Sweet but not Short Boston Globe rundow

I know I must sound like the proverbial broken record with the constant ‘I am too busy to blog’, but I at least wanted to get a quick review of the Globe‘s review pages. Luckily, April 3rd’s section has some good things in it.

Like every other paper in the U.S., their lead review is of the new Jonathan Safran Foer Extremely Loud and Incredibly Close by Steve Almond—an interesting pairing. Almond finds ELIC lacking in areas and takes Foer to task for not trusting enough in his writing. [On a side note, I completely forgot that Foer was appearing last night at the Brattle theater. I wish I had gone.] The column to the left also surprised me this week. In ‘New Thinking‘, George Scialabba muses on Apologies to Thucycides: Understanding History as Culture and Vice Versa by Marshall Sahlins and From Athens to Auschwitz: The Uses of History by Christian Meier. As a former classicist, I am always excited when I see books like this get coverage. Though Scialabba liked the first book better than the second, I found the column itself thought-provoking in its dicussion of the study of history.
On the following page I enjoyed Richard Marinick’s review of Legends of Winter Hill: Cops, Con Men, and Joe McCain, the Last Real Detective by Jay Atkinson. Novelist Atkinson spent a year working for McCain investigations to learn the ins and outs of the trade. It sounds like a really interesting book, according to Marinick. Europe Central by William Vollman also gets covered on the bottom of the page by John Freeman. He manages to get behind the surface of Vollman’s prolific output enough to discover Vollman’s true purpose—“to show how totalitarianism occurred and how it felt on the inside, and to bring us up close and personal with the nubbly texture of history.” I like the use of nubbly. Barbara Fisher covers 3 so-so books in the ‘Short Takes‘ column this week (at least they didn’t interest me). She liked House by Michael Ruhlman, found problems with A Circle of Sisters: Alice Kipling, Georgiana Burne-Jones, Agnes Poynter, and Louisa Baldwin by Judith Flandes, and only does a plot recap for The Angel of Forgetfulness by Steve Stern.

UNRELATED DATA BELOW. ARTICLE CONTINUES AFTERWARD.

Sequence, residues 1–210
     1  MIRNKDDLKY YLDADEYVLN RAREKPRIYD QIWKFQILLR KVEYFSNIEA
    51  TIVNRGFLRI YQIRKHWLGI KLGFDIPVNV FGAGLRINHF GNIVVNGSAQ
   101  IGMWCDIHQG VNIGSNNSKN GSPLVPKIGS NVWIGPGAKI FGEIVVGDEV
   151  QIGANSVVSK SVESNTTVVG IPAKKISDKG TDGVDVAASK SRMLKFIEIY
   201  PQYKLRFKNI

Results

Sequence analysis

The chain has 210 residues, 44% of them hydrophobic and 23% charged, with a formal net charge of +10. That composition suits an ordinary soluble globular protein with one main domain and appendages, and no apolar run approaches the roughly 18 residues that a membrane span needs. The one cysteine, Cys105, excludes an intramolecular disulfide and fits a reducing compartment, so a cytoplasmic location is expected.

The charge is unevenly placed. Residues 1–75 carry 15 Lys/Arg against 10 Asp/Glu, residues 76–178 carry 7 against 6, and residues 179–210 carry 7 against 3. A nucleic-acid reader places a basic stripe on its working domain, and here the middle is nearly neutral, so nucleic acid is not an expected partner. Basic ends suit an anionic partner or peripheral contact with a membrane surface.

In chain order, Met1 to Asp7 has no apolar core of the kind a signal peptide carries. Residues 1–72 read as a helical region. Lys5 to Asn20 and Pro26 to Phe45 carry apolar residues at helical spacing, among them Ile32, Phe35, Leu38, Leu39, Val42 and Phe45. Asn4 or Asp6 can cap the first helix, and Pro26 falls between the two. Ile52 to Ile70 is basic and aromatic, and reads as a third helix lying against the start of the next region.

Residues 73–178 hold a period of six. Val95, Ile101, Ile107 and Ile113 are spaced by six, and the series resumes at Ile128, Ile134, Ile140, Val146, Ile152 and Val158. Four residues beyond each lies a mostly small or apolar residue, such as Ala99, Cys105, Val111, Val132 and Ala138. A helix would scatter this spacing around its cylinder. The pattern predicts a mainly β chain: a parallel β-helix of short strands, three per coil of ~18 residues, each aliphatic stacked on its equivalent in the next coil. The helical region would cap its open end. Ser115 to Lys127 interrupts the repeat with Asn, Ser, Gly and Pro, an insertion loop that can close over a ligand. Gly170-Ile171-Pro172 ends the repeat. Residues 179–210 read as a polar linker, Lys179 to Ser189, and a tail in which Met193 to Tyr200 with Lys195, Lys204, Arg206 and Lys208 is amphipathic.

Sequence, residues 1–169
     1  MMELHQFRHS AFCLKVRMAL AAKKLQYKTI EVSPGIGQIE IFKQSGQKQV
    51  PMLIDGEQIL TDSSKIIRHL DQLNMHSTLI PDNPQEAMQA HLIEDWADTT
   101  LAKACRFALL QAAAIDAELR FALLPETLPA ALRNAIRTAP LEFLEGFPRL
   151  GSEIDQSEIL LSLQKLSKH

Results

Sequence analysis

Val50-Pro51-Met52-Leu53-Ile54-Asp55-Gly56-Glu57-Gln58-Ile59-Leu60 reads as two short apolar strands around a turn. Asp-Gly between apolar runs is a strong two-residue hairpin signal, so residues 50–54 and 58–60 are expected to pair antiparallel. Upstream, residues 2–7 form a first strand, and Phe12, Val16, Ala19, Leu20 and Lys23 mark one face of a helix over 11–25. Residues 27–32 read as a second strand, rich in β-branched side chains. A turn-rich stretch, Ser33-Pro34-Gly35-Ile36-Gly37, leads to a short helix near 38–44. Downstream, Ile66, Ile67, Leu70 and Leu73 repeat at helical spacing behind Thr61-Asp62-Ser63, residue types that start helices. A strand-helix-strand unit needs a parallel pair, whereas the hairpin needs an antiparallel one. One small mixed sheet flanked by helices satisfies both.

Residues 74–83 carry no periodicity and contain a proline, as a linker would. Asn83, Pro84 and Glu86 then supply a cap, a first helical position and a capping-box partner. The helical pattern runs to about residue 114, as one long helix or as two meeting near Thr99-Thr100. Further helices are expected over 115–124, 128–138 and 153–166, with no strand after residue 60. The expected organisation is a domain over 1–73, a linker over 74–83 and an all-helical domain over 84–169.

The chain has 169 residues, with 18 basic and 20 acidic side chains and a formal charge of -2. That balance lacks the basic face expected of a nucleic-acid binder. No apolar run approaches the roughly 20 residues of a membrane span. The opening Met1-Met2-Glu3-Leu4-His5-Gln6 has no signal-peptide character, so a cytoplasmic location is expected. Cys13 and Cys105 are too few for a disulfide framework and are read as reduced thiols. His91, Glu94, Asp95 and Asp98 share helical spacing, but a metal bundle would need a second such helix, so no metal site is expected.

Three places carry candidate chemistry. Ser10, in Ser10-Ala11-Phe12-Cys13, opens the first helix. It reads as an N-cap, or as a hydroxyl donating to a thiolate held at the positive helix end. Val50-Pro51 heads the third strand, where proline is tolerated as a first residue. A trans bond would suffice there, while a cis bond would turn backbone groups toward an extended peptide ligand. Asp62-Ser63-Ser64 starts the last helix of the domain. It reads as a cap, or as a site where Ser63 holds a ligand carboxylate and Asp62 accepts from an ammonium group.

I am no longer going to cover the ‘New & Recommended‘ section as it only changes when they put up a good review of a book. Rather than focus on new titles each week, they wait until someone writes a glowing review in their pages and they substitute that book for an old one. Personally, I find it silly.
Katherine Powers spends a lot of time discussing 2 garden related books in her ‘A Reading Life‘ column this week. Down the Garden Path by Beverley Nichols and The Botanist and the Vintner: How Wine Was Saved for the World by Christy Campbell. [Obviously, someone should send Richard Adam’s article on overinflated subtitles to the author.] Michael Langan found things to like in Thomas Friedman’s new book The World is Flat: A Brief History of the Twenty-First Century, where he argues that technological advances have ‘flattened’ the earth forcing multinational adjustments.
The last page contains a nice interview by John Dougherty with Nigel Holmes, a graphic designer who wrote/designed 1 2 3 4 (Wordless Diagrams). Of course, it can’t beat one of Birnbaums lengthy interviews. Below that is Christine Temin’s review of De Kooning: An American Master by Mark Stevens and Annalyn Swan, which just won the Pulitzer Prize in the Biography category. It’s a thoughtful look at what seems to be an amazing book. The final piece on the page is the ‘On Audio‘ column, which spends a lot of time running through plots and a little time criticizing the actual audio.
All in all, it was a good week for the Globe. They ran several strong pieces on the first 2 pages, grew a little weaker on the second two. The fiction to nonfiction ratio is skewed to the nonfiction, but where isn’t that the case? I wish they would break out their shells over there though and try something exciting. Even though some of the reviews were interesting to read, I wonder if I need another article on the Foer or the Friedman, which will get plenty of copy in other places. But I will give them a B+/A- this week.